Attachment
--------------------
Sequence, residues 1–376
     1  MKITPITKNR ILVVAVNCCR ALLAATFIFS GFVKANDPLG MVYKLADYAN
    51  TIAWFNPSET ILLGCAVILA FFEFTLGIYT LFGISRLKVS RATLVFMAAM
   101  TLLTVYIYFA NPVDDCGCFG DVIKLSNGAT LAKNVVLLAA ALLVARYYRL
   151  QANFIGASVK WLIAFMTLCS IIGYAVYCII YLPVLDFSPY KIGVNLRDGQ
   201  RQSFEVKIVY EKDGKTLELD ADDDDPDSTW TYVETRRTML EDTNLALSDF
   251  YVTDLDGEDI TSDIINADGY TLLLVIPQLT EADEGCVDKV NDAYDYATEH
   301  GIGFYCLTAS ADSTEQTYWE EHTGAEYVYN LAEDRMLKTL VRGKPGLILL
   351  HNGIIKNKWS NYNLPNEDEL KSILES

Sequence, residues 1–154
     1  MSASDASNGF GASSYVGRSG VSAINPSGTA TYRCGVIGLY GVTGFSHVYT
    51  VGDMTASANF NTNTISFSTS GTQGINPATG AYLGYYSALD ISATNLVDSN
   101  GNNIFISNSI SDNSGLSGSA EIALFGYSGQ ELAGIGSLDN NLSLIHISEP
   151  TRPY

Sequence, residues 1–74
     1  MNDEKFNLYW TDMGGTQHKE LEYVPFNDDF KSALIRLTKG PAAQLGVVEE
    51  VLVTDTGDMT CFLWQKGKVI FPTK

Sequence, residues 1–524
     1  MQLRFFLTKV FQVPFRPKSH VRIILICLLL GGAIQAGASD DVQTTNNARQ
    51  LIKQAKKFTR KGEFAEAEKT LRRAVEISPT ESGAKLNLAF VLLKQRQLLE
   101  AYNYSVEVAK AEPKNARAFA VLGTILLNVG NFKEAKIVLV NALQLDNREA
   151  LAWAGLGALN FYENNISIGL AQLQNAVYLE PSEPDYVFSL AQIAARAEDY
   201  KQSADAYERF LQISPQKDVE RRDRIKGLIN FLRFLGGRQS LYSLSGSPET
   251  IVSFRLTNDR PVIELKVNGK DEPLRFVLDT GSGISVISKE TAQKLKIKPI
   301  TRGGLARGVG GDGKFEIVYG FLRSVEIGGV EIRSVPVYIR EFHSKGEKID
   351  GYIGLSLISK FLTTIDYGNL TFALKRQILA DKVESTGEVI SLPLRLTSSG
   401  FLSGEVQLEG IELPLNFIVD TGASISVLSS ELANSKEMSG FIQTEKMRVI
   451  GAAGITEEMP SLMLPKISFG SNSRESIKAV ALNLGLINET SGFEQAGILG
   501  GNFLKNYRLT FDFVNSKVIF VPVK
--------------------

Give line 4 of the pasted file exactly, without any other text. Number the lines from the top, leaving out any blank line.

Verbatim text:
   101  TLLTVYIYFA NPVDDCGCFG DVIKLSNGAT LAKNVVLLAA ALLVARYYRL